In vitro cytotoxic activities, relative nuclear factor κB (NF-κB) inhibition and effect on NF-κB-regulated gene products in human myeloid leukemic KBM-5 cells were reported almost similar with synthetic and natural curcumin. [4] The efficacy of S-curcumin was also validated for anti-oxidant, anti-inflammatory [tumor necrosis factor-alpha (TNF-α) induced NF-κB expression] activities and through comparative pharmacokinetics. S-curcumin has exhibited high anti-oxidant activity with total ORAC (oxygen radical absorbance capacity) value, over 1,500,000 μmole TE/g. [2] Antioxidant potential and free radical scavenging abilities of S-curcumin were evaluated using in vitro models such as, reducing potential, 1,1-diphenyl-2-picryl-hydrazil (DPPH), superoxide, hydrogen peroxide and nitric oxide radical scavenging; and the efficacy was reported in a dose-dependent manner. Results were reproduced in ex vivo models such as erythrocyte lipid peroxidation and erythrocyte hemolysis. [5] The anti-inflammatory activity was studied in human 293T cells. The level of NF-κB was found 49.33 μmol QE/g of quercetin activity when tested at 1 mg/ml of S-curcumin. This has indicated that S-curcumin down-regulated TNF-α induced NF-κB expression. The pharmacokinetic profile of synthetic and natural curcumin was also comparable in female Wistar rats. Interestingly, the emission of greenhouse gases measured by "carbon footprint analysis" indicated that the carbon footprint for the curcumin produced by chemical synthesis was lower than that of manufacturing of natural curcuminoids from its natural source. [2]

In another study, the anti-inflammatory and anti-allergic efficacy of S-curcumin was confirmed in silico, in vitro and in vivo. Primary in silico docking studies ascertained the multi-target potency of curcumin with crucial inflammatory mediators such as lipoxygenase, P38 mitogen-activated protein kinase, protein kinase C and extracellular signal-regulated kinase. The high safety profile of S-curcumin was observed from the acute toxicity study. The acute oral LD 50 of S-curcumin was found to be >5000 mg/kg of body weight in female Sprague-Dawley rats. [6] Different synthetic analogues of curcumin also exhibited encouraging results in various studies. [4]

Synthetic curcumin offers consistent product quality and avoids problems associated with extracts of natural products such as uncontrolled outputs, variation in potency of extract due to variation in natural plant materials, co-occurring impurities, etc. High purity of S-curcumin ensures standardization of formulations with consistent activity and potency. Being manufactured synthetically, it also avoids exploitation of large quantities of turmeric that otherwise can be used as a food product in a sustainable manner. [2]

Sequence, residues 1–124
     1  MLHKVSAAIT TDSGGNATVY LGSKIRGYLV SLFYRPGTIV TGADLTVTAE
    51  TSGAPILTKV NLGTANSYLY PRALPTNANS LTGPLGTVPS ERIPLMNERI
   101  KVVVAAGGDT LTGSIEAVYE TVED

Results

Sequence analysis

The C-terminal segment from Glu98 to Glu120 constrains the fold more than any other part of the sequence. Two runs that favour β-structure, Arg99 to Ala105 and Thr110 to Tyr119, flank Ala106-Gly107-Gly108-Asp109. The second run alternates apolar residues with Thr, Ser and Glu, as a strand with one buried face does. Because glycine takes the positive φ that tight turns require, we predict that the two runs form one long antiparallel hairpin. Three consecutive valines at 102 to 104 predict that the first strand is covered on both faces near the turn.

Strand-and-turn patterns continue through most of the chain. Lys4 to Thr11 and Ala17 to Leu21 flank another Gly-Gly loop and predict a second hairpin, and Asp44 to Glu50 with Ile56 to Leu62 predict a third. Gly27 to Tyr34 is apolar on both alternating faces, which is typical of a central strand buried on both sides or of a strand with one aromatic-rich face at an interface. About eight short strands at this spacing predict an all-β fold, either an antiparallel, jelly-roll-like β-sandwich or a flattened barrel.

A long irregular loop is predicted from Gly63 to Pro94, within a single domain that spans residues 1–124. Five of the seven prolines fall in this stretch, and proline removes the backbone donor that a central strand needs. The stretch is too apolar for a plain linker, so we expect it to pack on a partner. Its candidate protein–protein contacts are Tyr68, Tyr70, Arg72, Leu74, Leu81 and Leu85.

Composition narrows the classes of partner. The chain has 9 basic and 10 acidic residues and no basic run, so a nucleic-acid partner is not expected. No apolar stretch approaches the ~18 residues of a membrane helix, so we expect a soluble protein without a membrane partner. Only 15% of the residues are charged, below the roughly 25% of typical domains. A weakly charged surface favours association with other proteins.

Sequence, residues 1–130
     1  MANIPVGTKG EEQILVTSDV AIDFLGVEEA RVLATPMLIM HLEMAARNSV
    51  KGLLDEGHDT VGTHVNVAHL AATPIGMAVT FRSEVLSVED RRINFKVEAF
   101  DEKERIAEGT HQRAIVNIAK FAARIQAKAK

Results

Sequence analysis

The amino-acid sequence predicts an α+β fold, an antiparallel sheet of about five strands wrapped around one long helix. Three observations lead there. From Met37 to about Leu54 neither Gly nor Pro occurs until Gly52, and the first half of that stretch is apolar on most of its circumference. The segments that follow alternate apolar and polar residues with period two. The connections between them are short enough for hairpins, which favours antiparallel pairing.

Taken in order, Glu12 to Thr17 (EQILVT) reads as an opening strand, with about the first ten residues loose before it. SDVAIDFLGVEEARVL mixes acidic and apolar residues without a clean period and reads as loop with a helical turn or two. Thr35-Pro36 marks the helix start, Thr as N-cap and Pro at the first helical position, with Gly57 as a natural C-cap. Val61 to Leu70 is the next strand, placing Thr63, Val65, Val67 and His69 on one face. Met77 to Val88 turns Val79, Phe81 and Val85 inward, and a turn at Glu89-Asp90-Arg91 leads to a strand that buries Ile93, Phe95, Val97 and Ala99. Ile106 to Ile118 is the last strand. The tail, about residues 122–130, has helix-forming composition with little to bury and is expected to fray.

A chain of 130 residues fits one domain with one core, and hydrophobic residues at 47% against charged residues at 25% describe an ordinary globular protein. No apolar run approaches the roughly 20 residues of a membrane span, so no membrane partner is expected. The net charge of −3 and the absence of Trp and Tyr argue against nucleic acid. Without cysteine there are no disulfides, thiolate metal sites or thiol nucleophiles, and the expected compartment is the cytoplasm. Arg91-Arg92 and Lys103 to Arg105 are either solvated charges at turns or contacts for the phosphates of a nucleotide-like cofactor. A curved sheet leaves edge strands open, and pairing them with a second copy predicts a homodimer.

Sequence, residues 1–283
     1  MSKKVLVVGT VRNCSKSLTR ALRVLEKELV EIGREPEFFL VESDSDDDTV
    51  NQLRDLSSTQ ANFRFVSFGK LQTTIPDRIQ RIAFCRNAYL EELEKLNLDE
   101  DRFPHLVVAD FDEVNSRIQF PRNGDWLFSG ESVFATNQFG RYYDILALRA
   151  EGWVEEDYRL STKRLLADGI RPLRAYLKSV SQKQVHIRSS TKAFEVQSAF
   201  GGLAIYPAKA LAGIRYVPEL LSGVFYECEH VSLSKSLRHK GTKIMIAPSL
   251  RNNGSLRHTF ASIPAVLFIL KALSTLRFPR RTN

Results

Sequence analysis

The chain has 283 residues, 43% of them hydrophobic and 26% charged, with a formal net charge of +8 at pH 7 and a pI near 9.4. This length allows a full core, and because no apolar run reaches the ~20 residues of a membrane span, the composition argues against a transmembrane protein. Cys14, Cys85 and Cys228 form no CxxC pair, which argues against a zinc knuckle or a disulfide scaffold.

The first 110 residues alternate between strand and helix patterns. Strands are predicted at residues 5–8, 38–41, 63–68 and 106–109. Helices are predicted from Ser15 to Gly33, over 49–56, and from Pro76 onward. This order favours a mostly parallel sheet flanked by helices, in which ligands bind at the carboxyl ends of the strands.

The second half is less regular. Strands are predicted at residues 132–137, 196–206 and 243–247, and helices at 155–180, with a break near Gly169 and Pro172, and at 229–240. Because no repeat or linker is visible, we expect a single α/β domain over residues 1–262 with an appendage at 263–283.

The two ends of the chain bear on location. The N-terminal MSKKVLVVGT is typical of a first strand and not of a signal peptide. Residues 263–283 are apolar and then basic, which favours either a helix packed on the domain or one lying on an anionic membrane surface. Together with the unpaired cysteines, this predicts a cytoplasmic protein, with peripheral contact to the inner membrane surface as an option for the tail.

References Top

Lüer SC, Goette J, Troller R, Aebi C. Synthetic versus natural curcumin: bioequivalence in an in vitro oral mucositis model. BMC Complement Altern Med 2014;14:53.  Back to cited text no. 1
Jain R. Nature identical curcumin. Int J Appl Basic Med Res 2013;3:134.  Back to cited text no. 2
Cheng AL, Hsu CH, Lin JK, Hsu MM, Ho YF, Shen TS, et al. Phase I clinical trial of curcumin, a chemopreventive agent, in patients with high-risk or pre-malignant lesions. Anticancer Res 2001;21:2895-900.  Back to cited text no. 3
Ravindran J, Subbaraju GV, Ramani MV, Sung B, Aggarwal BB. Bisdemethylcurcumin and structurally related hispolon analogues of curcumin exhibit enhanced prooxidant, anti-proliferative and anti-inflammatory activities in vitro. Biochem Pharmacol 2010;79:1658-66.  Back to cited text no. 4
Borra SK, Gurumurthy P, Mahendra J, Jayamathi KM, Cherian CN, Chand R. Antioxidant and free radical scavenging activity of curcumin determined by using different in vitro and ex vivo models. J Med Plants Res 2013;7:2680-90.  Back to cited text no. 5
Venkata M, Sripathy R, Anjana D, Somashekara N, Krishnaraju A, Krishanu S, et al. In silico, In vitro and In vivo assessment of safety and anti-inflammatory activity of curcumin. Am J Infect Dis 2012;8:26-33.  Back to cited text no. 6

This article has been cited by
1 Synthetic curcumin: A biological monograph
Roopesh Jain,Archana Tiwari
Journal of Current Research in Scientific Medicine. 2019; 5(2): 132
[Pubmed] | [DOI]


Previous article  Next article
Similar in PUBMED
   Search Pubmed for
   Search in Google Scholar for
Access Statistics
Email Alert *
Add to My List *
* Registration required (free)

  In this article

 Article Access Statistics
    PDF Downloaded185    
    Comments [Add]    
    Cited by others 1    

Recommend this journal